Hilary White

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'Exit International' founder briefly detained before holding UK suicide workshops

Hilary White

LONDON, June 24, 2013 (LifeSiteNews.com) – Australia’s leading euthanasia advocate, Dr. Philip Nitschke, was detained on Sunday night at London’s Gatwick Airport as he was attempting to enter the UK. He was held for over two hours overnight but eventually allowed to proceed.

Dr. Nitschke has arrived to conduct his European “Nitro & Nembutal” workshops and speaking tour teaching people how to commit suicide by obtaining and administering lethal drugs.

Nitschke is founder and director of the pro-euthanasia group Exit International and briefly succeeded in changing the law in Australia’s Northern Territory, where he assisted the suicides of four people. He claims to be the first doctor in the world to have administered a voluntary lethal injection.

Customs and Border Protection Officers stopped Nitschke, calling him by name out of a line-up at the airport. He was searched and questioned and temporarily had items confiscated – including “a gas flow regulator for the new Max Dog Nitrogen method” – which he said had been intended for display at a “planned voluntary euthanasia workshop.”

The display items were returned.

He claims to have developed a method of using nitrogen for a “reliable, peaceful, legal, and totally undetectable death at the time of their choosing.” He will also be promoting the use of massive doses of the veterinary sleeping drug Nembutal to induce death by respiratory failure.

The London workshop is scheduled to follow the public lecture and is “open all those who are over 50 years and of sound mind and/or those suffering from serious illness.” Nitschke’s workshops inform participants on how to source and use legal and illegal drugs for euthanasia.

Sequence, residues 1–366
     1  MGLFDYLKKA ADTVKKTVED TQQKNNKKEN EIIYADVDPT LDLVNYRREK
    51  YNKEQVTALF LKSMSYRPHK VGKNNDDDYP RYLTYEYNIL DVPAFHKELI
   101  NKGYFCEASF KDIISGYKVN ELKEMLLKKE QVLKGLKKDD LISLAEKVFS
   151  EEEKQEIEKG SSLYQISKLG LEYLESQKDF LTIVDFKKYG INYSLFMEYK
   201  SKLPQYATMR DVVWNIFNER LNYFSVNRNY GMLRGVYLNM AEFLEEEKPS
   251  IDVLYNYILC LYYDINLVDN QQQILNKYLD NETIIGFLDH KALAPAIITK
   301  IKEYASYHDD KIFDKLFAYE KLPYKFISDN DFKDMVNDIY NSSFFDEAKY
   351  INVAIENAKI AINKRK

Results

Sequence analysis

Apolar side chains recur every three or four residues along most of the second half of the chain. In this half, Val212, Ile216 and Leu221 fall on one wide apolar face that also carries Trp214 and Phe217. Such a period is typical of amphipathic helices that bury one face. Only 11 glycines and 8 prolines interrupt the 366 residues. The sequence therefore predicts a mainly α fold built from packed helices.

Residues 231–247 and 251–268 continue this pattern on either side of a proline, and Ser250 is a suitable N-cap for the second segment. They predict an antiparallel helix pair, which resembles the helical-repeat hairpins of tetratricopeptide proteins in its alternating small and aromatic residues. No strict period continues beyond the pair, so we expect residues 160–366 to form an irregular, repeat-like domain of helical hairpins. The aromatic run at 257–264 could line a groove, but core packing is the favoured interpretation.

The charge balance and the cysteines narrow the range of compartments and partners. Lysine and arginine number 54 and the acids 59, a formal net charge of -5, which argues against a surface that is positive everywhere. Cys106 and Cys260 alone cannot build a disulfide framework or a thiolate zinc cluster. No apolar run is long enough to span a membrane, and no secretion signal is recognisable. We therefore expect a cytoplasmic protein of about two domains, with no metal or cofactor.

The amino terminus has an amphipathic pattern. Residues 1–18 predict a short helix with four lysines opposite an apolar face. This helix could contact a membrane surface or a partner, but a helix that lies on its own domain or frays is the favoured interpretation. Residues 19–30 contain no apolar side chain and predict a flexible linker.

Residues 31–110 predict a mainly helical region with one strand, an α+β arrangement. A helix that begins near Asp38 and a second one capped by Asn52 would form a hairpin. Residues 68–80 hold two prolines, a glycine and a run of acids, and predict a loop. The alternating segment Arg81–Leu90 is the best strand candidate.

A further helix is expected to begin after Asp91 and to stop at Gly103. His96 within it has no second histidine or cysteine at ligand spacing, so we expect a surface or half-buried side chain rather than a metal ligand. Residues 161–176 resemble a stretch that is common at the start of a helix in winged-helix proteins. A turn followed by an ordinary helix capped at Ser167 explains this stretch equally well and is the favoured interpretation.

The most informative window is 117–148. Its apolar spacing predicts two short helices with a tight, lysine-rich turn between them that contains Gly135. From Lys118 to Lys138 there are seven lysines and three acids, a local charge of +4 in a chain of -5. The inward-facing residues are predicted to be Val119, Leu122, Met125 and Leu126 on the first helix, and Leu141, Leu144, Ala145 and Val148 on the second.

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Nitschke issued a media release saying that the officials had decided to allow him to proceed into the UK, where his first speaking engagement will go forward on Tuesday evening. Nitschke said that there was a “growing need to provide people with the means for a reliable and peaceful death given the ongoing failure of the legislative process to enact laws that reflect people’s wishes.”

Although he has been campaigning for decades, since the death of Dr. Jack Kevorkian two years ago, Nitschke has assumed the role of the world’s busiest and highest profile euthanasia campaigner, traveling around the globe offering clear instructions on how to commit suicide.

Dr. Peter Saunders of the Christian Medical Fellowship has asked why he was allowed to continue into the country. Nitschke is “an extremist and self-publicist whose presence in the UK puts the lives of vulnerable elderly, depressed and disabled people at grave risk,” Dr. Saunders said. In a letter, he had alerted the Home Secretary, Theresa May, that Nitschke was coming to the UK to promote euthanasia.

Saunders cited a news report that said Australian health authorities have recorded at least 51 Australians, 14 of whom were in their 20s and 30s, who have died after overdosing on Nembutal. “Of the 38 cases fully investigated by coroners, only 11 people were known to have suffered chronic physical pain or a terminal illness before their deaths,” The Age reported.

Assisting with a suicide, counseling suicide, or administering euthanasia remain criminal acts under British law, but the nation’s office of prosecutions has announced that as long as perpetrators are acting out of “compassion” and not for personal gain, offenses will be ignored.

Saunders commented, “With the growing elderly population, failure of the care system and worsening economic situation a growing number of frail, disabled, ill and depressed people in Britain will be feeling under even greater pressure to end their lives, either for fear that they will not cope, or so as to be less of a burden to relatives. They deserve better protection from suicide predators like Nitschke than they are currently getting.”

Dr. Saunders also alerted police to Nitschke’s plans, lodging a complaint in writing of “a potential breach of the Suicide Act 1961.”

In a letter to Frank Dobson MP, in whose constituency Nitschke was scheduled to be speaking and giving workshops, Dr. Saunders wrote that the “visit is clearly directed at encouraging or assisting suicide with the intent that another person will commit or attempt to commit suicide by use of drugs and other means in breach of section 2 (and 2A) of the Act. Dr. Nitschke intends to flout the criminal law.”

Dr. Nitschke has been turned away from venues in the past. In 2011 a speaking engagement was cancelled in Dublin after complaints were made to police that he was encouraging suicide, a criminal act in the Republic of Ireland. In 2010 in the same town, Nitschke told an audience of elderly people not to wait until “it’s too late” but to begin to “plan ahead” to commit suicide.  

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